For example, carbon monoxide detectors have to be installed in every newly constructed dwelling unit with an attached garage or fuel-fired appliances. Also, carbon monoxide detectors should be installed in older buildings that undergo construction and require a building permit. These should also fall under the same criteria — have fuel-fired appliances or an attached garage. The law states that the detectors should be located in the vicinity of the bedrooms, but there is no precise specification in feet. 

According to the Housing Law of Michigan, smoke alarms must be installed in each dwelling unit. As a tenant, you must inform the landlord when it’s time to replace batteries or if there are any malfunctions.

Rental Payments

Maximum rent: not indicated
Rent increase: not allowed in the middle of the lease; requires a notice equal to the interval between the times of payment
Right to withhold rent for failure to provide essential services (such as water, heat, etc.): allowed
Late payment limit: not indicated

Tenant laws in Michigan are considered to be landlord-friendly. This becomes especially evident if you look at the provisions related to rental payments. 

There is no limit on the amount of rent landlords can charge — similarly to the application fee, it is largely shaped by the rental market. Also, there is no rent control for how often the landlord can increase the rent or the maximum amount of the increase as long as it takes place between lease terms. 

You should remember that the landlord has no right to increase the rent in the middle of your lease (for example, if you have a year rental agreement) unless stated otherwise in the agreement. If you have a month-by-month tenancy, the property manager can increase rent with a one-month notice.

The Michigan landlord-tenant law does not grant a grace period for those tenants who fail to pay rent on time. 

If the landlord fails to provide essential services or refuses to make required repairs, the renter has a right to withhold rent. First, the tenant should provide the property manager with a written notice that describes the problem and give them a reasonable amount of time to fix it. If the landlord takes no steps to solve the issue, the tenant may deposit rent into an escrow account instead of paying it directly to the landlord.

Lease Terminations

Notice to terminate lease: requires a notice equal to the interval between the times of payment
Eviction notice for not paying rent: seven days notice to quit
Eviction notice for lease violation: from 24 hours depending on the violation type

Before filing an eviction in the state of Michigan, the landlord must provide a notice to quit to the tenant. It has to be delivered either in person or by first-class mail. Depending on the issue, the renter will have a certain period of time to fix the problem or vacate the property.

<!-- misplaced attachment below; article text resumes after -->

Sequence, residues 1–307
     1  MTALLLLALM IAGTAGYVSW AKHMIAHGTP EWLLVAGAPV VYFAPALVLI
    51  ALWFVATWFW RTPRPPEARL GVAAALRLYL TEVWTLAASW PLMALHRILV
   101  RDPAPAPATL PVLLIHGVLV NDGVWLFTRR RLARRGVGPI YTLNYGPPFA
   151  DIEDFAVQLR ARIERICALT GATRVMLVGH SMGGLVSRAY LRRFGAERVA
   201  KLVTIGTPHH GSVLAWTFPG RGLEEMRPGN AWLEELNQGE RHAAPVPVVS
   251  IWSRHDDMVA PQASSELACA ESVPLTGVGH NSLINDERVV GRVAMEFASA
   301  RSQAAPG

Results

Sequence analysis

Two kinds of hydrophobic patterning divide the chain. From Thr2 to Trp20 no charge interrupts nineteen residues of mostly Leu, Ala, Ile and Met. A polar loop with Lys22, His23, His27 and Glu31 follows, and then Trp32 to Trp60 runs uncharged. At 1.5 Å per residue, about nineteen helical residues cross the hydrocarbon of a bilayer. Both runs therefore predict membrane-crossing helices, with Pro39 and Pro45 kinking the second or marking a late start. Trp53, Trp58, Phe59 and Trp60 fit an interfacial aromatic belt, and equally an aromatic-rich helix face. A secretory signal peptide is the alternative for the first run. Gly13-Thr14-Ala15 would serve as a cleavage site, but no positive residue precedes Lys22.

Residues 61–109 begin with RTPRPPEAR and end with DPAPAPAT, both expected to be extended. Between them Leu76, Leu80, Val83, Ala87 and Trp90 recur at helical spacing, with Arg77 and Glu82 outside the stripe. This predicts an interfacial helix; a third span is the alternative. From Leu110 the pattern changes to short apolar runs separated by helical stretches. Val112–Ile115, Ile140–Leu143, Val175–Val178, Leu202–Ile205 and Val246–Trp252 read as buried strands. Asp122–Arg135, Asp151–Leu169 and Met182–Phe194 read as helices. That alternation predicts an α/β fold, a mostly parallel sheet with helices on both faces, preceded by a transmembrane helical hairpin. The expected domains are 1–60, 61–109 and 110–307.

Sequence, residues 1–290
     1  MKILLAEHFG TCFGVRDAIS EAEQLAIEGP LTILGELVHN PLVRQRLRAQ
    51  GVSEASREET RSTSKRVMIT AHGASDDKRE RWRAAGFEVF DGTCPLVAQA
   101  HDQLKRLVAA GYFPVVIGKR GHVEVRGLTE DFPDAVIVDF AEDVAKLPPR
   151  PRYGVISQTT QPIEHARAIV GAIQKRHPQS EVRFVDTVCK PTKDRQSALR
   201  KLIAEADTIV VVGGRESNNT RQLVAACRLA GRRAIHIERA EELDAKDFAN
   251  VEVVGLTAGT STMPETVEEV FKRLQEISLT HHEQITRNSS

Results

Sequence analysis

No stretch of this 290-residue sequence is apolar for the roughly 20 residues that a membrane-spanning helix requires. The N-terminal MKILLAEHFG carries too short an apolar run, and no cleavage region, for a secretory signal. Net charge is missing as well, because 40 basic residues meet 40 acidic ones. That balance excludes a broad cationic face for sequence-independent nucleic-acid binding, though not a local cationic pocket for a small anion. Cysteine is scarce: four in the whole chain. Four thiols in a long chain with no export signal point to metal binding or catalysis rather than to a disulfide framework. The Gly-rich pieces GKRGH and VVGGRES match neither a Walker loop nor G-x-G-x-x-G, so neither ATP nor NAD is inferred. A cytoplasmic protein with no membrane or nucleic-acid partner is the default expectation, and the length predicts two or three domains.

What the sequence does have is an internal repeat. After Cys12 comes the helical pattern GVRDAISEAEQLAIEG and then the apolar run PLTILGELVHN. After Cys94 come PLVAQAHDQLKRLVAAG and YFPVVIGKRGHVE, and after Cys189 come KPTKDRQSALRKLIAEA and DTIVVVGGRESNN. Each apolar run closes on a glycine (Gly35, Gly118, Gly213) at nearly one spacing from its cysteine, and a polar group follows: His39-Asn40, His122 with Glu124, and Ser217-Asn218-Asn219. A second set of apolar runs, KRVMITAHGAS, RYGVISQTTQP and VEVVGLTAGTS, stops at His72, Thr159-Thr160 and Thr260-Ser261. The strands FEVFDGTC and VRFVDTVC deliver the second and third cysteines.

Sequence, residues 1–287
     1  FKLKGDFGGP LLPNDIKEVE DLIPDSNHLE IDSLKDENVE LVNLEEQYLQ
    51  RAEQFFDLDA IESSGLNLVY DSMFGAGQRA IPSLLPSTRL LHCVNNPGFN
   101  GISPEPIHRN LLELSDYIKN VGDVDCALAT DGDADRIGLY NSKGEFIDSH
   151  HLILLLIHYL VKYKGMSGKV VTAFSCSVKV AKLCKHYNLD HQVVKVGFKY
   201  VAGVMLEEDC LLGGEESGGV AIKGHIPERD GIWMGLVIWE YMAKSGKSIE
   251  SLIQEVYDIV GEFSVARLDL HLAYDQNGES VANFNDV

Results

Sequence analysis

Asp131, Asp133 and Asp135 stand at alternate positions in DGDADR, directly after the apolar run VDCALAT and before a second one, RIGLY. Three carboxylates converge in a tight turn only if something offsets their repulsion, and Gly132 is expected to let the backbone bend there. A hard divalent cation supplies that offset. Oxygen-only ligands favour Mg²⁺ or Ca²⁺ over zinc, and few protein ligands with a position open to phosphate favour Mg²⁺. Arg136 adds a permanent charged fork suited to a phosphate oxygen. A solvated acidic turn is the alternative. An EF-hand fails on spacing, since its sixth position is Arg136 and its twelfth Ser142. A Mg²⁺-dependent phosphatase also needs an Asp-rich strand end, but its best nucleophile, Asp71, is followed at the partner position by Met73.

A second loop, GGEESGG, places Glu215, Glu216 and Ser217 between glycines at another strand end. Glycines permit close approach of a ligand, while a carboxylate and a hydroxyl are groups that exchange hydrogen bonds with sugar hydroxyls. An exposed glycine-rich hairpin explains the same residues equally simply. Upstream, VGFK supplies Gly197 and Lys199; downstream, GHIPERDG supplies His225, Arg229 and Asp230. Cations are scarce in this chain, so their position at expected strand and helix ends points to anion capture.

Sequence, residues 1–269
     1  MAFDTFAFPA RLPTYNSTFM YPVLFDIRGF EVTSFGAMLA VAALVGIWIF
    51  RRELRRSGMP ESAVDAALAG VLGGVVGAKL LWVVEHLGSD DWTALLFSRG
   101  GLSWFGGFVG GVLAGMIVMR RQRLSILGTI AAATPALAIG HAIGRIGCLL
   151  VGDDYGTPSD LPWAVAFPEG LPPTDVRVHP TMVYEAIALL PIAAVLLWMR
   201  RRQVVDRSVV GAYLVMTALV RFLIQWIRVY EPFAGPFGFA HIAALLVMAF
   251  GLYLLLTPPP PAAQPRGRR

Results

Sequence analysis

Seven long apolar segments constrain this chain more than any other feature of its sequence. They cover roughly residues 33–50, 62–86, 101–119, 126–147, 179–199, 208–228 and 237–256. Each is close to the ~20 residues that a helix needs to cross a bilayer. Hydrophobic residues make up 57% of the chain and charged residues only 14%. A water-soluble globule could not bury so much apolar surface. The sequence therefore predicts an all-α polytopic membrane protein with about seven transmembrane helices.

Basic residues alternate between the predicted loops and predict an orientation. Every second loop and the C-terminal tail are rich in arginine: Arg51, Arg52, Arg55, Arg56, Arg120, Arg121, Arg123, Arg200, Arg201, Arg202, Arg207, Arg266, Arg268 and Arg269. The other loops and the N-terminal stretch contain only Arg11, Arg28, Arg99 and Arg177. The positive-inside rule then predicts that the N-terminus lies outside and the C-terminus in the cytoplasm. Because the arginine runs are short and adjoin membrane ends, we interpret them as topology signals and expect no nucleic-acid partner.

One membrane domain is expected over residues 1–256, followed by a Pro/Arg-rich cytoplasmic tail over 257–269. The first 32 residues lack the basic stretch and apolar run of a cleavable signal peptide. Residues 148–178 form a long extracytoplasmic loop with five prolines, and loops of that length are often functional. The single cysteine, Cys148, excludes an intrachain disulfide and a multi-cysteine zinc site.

For example, if the tenant fails to pay rent, they have seven days to react to the notice before the property manager might file for an eviction in court. Also, they will be presented with a seven-day notice if they cause serious damage to the property or if the tenant constitutes a health hazard. 

Those tenants who might violate the lease or stay in the property after the lease comes to an end will receive a 30-day eviction notice. Finally, the most severe — a 24-hour notice to quit applies to those renters who conduct illegal drug activity.

If you decide to terminate the lease, you must give the landlord proper notice. If it’s a month-to-month rental agreement, any party must provide one month’s termination notice. If it’s a fixed-end lease — for example, for one year — it terminates automatically at the end of the period. 

Thank you for reading this summary of the Michigan tenant rights. Hopefully, thanks to this article, you’ll feel more confident in any controversial or problematic situations with your current or future landlord. And, if you want to read up on general rights and rules in the tenant-landlord law, we have a piece that covers an overview of renter rights in the U.S.

Disclaimer: Although we have relied on Official State Statutes and other credible sources to find and analyze information for this post, you’re advised to use it as a starting point only and do not consider this article a substitute for legal advice. Some situations are unique, and it is always better to consult with a qualified lawyer or appropriate government agencies.